Posts tagged manliness

The manly art of the handshake

This post first appeared in the NoahGetsANailgun blog.

Handshake Statue

The handshake – almost as old as stone

Over the last year or so I’ve become discouraged at the decline of the firm, manly handshake. During the time at church where you turn around and greet those around you, I know there’s a 50/50 chance the guy I’m about to shake hands with will have a lighter grip than my grandmother. And as I’ve had to interact with other boys my son’s age, I’m noticing very few of them know how to properly do this simple, but very important act. Someone once said about making an impression, “three hours of interaction with a stranger is automatically created by the physical touch of that initial handshake.”

For me personally, if I shake your hand and all you give me in return is a dainty little squeeze back, or even worse, you only offer me four fingers to shake, my entire perception of you changes in an instant. I don’t have a study to back it up but I’m telling you, you lose respect from people if after they shake your hand they are left feeling like they just grasped a wet noodle.

You also don’t want to be the guy others never want to shake hands with again because they were bruised from you squeezing too hard. If you hear cracking when you shake someone’s hand then you’re doing it too hard. However, I would opt for the vice grip handshake any day over the wet noodle handshake. At least I know you’re a man. You may have a Napoleon complex but it’s still better than the alternative.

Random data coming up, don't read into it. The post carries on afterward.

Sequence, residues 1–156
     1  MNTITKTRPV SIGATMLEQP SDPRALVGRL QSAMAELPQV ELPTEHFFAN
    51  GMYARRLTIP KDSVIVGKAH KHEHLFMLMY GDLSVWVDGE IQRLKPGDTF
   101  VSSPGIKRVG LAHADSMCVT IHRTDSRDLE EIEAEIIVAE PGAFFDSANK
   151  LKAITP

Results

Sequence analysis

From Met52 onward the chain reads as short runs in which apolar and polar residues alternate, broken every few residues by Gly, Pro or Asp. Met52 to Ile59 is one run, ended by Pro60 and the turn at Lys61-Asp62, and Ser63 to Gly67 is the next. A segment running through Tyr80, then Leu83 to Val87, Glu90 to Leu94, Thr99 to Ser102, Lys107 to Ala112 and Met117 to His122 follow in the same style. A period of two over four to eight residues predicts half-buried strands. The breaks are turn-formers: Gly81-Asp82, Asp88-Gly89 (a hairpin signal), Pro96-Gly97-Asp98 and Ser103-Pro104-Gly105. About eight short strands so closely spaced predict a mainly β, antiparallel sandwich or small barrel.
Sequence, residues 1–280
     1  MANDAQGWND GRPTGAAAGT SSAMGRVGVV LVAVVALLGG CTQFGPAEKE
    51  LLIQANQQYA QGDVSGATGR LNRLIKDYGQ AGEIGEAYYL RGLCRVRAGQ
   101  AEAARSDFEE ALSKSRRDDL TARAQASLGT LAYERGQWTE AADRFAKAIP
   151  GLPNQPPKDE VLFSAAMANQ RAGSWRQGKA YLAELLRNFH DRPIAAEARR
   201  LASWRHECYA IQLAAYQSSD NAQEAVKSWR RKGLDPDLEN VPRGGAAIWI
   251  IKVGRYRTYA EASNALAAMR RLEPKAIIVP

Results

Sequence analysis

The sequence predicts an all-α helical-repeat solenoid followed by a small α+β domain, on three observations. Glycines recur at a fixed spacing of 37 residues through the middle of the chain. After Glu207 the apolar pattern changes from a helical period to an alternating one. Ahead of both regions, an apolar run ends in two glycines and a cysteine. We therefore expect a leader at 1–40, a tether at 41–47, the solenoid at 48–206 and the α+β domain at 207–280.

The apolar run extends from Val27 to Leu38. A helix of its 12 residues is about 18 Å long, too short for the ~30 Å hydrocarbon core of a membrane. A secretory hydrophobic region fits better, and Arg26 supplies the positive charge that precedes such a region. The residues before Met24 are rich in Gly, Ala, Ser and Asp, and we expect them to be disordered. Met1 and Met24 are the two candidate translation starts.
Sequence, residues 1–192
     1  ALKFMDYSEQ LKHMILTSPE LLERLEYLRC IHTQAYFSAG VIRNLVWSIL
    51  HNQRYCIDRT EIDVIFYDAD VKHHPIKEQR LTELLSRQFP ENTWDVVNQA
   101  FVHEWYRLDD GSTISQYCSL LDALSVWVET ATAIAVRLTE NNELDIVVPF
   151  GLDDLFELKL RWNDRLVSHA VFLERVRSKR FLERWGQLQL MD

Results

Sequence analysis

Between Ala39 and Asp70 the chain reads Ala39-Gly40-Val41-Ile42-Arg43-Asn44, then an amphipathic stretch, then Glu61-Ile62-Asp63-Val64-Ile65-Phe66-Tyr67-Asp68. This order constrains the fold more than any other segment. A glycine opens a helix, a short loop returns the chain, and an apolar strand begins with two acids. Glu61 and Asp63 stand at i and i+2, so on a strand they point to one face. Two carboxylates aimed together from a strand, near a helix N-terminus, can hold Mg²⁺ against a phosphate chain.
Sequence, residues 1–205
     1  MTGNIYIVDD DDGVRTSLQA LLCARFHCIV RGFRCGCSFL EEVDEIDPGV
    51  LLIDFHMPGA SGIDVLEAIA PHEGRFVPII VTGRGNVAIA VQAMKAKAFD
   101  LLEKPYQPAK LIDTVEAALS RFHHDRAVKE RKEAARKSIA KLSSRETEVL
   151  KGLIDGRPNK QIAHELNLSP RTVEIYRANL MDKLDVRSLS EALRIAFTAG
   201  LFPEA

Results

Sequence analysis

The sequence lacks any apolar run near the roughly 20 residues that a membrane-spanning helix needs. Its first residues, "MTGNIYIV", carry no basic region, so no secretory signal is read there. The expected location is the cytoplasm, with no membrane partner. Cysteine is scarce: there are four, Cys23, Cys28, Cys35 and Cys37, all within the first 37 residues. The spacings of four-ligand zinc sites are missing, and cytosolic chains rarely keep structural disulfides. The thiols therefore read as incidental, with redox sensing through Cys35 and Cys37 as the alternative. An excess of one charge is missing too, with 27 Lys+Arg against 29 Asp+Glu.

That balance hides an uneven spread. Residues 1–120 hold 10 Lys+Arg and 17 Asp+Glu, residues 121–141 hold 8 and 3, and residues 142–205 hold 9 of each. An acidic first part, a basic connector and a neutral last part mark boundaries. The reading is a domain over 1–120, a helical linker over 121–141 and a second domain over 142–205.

In all seriousness, it is important to own a good handshake and then pass it on to your son. Not sure why its happening, but we have begun to neglect teaching our kids the finer points of human interaction like the handshake. This one act can convey dignity, confidence, and respect. Or it can communicate you have none of these things.

The handshake also speaks to our physical maturity—which is a mark of manhood. Obviously men come in different shapes and sizes and demonstrate different levels of physical power, but common to all men is a natural strength and confidence that is given to us by God. He created us to be strong, masculine individuals. The handshake is a great way we demonstrate control over our God-given strength—not giving a bone-crusher handshake and not giving a limp-fish handshake. By doing it properly, we display our innate masculine design.

Steps to a good handshake:

    • keep the fingers together with the thumb up and open
    • slide your hand into the other person’s so that each person’s web of skin between thumb and forefingers touches the other’s
    • make the pressure firm, but not bone-crushing
    • hold about 3 seconds
    • “pump” once or twice from the elbow if you like
    • release after the shake, even if the introduction continues
    • include good eye contact with the other person